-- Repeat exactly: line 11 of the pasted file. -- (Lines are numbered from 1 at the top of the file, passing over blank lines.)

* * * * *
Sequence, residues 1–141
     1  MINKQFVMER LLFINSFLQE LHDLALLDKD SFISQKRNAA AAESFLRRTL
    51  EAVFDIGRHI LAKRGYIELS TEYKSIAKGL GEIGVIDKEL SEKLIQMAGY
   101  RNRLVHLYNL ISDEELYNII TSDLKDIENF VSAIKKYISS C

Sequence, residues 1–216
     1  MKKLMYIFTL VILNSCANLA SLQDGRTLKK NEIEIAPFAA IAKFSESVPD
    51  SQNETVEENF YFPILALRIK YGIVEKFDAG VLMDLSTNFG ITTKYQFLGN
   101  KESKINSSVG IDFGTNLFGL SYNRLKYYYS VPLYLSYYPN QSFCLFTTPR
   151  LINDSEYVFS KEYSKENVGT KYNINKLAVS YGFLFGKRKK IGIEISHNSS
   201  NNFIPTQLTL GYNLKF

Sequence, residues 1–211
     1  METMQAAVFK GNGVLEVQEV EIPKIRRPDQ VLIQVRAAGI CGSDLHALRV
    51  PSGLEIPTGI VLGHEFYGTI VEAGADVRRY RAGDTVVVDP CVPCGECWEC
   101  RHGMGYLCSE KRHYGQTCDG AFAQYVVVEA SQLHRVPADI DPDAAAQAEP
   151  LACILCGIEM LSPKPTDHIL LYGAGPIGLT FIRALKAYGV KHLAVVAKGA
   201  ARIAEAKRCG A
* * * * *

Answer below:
Sequence, residues 1–211